We're building undersea cable to thwart US spying, say Brazil and Europe

We're building undersea cable to thwart US spying, say Brazil and Europe

Summary: A joint EU-Brazil plan to lay a new submarine cable looks to have been prompted by fears of communications interception by the NSA.


Brazil and the EU have reaffirmed plans to lay a new undersea cable in an effort to avoid spying by US authorities.

The cable, which will stretch from Portugal to Brazil, was discussed on Monday by the president of the European Council, Herman Van Rompuy, and the Brazilian president, Dilma Rousseff, at the seventh EU-Brazil Summit in Brussels.

The cable will be installed by Brazil's state-owned telecom provider Telebras and Spain's IslaLink Submarine Cables. It will be laid between the Portuguese capital of Lisbon and the Brazilian city of Fortaleza at a cost of $185m, and will be operational from next year.

The EU hopes the cable will cut interconnectivity costs, improve broadband take-up, and boost investment in R&D, Van Rompuy said, as well as "enhance the protection of communications".

"We share the common interest of protecting a free and open internet, which has spurred tremendous economic and social progress. At the same time, we will continue to enhance data protection and global privacy standards. A new fibre-optic submarine cable — connecting Latin America directly with Europe — would make an important contribution to these efforts," he said.

Rousseff told a news conference yesterday that the project is designed to "guarantee the neutrality" of the internet, according to Reuters. "We have to respect privacy, human rights and the sovereignty of nations. We don't want businesses to be spied upon," she said.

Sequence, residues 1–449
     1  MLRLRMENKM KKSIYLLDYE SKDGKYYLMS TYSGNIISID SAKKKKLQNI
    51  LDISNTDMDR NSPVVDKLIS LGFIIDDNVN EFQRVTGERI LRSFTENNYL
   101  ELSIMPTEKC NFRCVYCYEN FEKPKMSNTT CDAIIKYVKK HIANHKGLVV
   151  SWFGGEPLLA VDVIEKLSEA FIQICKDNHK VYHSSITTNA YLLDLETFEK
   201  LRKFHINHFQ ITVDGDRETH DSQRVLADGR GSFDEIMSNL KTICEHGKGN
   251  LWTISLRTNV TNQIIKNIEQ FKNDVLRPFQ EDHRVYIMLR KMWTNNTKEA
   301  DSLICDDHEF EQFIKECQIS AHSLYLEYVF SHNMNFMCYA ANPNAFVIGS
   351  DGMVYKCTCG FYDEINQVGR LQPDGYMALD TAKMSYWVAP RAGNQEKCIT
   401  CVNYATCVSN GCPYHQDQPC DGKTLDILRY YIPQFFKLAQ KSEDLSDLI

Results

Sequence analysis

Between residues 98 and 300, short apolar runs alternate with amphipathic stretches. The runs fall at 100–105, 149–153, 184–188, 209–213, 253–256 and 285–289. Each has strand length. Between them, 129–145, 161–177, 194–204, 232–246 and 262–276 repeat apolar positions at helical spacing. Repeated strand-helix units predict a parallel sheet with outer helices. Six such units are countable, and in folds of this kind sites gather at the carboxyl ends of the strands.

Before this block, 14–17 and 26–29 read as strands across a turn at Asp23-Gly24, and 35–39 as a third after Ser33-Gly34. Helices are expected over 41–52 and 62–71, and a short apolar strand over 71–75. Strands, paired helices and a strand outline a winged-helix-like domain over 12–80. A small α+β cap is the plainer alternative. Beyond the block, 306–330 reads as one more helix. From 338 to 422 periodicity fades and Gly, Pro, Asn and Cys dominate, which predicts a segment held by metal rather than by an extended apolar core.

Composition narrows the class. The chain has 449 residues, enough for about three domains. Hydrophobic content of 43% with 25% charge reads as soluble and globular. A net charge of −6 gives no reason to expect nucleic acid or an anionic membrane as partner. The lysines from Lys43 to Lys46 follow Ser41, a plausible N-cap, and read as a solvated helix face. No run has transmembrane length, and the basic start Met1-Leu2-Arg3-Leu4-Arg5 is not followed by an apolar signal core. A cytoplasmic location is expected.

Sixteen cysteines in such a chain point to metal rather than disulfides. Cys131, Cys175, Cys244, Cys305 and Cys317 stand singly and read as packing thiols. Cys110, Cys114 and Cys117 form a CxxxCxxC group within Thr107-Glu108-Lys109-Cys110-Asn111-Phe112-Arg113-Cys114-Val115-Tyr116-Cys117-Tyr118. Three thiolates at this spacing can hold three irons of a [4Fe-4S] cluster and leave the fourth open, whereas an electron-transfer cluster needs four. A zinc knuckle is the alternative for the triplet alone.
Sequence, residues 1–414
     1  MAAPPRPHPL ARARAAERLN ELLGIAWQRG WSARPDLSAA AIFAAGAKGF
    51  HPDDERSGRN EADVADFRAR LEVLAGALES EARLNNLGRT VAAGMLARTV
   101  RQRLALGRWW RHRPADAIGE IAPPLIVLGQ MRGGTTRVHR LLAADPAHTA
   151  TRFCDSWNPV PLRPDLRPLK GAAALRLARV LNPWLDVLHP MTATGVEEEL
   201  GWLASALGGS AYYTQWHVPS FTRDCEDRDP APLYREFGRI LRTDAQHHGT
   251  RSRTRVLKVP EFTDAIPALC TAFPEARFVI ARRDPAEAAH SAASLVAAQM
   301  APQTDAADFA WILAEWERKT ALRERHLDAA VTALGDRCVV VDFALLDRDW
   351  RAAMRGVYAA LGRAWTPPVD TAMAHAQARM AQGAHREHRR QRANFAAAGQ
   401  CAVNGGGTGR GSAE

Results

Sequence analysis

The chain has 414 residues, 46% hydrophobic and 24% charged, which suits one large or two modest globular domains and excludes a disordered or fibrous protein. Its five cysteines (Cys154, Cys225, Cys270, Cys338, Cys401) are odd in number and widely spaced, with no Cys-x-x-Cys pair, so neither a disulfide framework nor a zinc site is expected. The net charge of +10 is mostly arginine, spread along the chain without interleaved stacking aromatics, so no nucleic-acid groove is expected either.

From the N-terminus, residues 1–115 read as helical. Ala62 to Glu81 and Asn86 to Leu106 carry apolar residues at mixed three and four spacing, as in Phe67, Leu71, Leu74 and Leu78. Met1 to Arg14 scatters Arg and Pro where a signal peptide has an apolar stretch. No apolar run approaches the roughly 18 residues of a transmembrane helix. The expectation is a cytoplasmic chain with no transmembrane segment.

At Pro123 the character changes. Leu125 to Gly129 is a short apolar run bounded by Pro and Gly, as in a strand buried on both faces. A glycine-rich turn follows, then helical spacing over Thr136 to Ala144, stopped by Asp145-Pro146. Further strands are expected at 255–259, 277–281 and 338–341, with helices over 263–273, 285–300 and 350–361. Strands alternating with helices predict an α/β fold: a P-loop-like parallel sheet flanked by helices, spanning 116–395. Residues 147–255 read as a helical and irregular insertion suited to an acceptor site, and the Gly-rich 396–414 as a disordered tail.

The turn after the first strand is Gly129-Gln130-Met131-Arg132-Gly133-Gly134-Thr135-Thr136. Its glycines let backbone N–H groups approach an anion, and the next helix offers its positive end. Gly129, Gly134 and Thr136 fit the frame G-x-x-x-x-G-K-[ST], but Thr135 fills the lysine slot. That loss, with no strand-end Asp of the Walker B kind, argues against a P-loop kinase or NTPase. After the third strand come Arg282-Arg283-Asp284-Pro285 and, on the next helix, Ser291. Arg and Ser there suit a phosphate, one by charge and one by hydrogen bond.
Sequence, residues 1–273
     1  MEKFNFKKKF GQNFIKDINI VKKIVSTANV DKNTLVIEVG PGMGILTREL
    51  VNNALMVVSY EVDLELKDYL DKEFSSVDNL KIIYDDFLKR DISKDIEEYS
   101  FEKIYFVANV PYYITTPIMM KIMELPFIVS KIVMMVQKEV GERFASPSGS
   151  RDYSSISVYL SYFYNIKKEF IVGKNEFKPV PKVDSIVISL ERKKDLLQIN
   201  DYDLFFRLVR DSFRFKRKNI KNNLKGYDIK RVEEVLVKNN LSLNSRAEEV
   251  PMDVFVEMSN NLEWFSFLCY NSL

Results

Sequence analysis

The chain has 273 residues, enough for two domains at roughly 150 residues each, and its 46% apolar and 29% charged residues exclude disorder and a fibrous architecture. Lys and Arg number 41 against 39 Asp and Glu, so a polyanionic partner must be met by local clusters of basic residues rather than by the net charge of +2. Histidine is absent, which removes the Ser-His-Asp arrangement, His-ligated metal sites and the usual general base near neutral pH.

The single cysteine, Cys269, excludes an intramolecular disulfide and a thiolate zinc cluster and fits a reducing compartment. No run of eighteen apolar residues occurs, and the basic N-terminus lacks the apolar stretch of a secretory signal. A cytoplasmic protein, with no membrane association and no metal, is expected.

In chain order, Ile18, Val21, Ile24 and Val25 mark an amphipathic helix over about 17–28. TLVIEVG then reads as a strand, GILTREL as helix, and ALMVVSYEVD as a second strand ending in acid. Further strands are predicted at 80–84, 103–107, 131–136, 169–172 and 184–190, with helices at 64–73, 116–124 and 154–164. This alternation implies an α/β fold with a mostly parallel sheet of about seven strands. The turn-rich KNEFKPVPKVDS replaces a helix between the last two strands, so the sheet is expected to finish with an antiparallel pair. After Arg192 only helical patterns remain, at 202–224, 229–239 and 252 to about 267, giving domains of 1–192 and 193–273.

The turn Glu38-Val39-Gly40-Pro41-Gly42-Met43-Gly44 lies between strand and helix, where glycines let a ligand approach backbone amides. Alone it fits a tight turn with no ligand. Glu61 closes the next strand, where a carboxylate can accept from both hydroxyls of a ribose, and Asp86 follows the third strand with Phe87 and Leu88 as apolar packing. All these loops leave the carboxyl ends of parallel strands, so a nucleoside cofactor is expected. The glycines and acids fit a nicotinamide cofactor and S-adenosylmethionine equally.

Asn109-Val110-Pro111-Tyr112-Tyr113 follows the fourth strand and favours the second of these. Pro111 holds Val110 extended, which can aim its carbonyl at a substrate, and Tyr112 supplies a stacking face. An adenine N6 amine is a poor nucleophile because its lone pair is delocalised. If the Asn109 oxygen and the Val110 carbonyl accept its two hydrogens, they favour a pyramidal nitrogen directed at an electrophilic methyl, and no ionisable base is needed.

Rousseff's comments look to be a riposte to recent reports the NSA had been tapping undersea cables out of Europe, and that Rousseff herself had also been targeted by the spy agency.

The cable plan was part of a package of measures agreed between the EU and Brazil yesterday, including closer cooperation on cloud strategies. The summit also saw the creation of the EU-Brazil Dialogue on International Cyber Policy which will "address a number of specific priority areas, including the right to freedom of expression and privacy".

More from Brazil

Topics: Networking, Government, Privacy, EU

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  • The Enternet or Alternet ... is inevitable

    You will need a passport to participate ... the Internet is unsafe, corrupt, irretrievably damaged and hopelessly infested with spying governments, spying corporations and hackerz. The Internet was not designed to be secure and is fundamentally broken as related to security.
    • right... sure.

      It is a communication medium. Nothing more.

      Security is in the endpoints - if they want security, don't use US products.

      This will be as much about the costs of communication as it is about avoiding the US.
      • @greywolf7 & jessepollard

        You are both right, also I'm sure the spooks will be doing their damnedest to get inside it as well....Politicians and Bureaucrats are not to be trusted to behave anymore, shame really.
  • Interesting

    I'll be watching this!

    As I am sure the goons in the NSA will be too!
  • A nuclear submarine...

    ... is going to head over to splice the cable as soon as it's laid.

    • Not that easy...

      It is quite a difficult thing to do...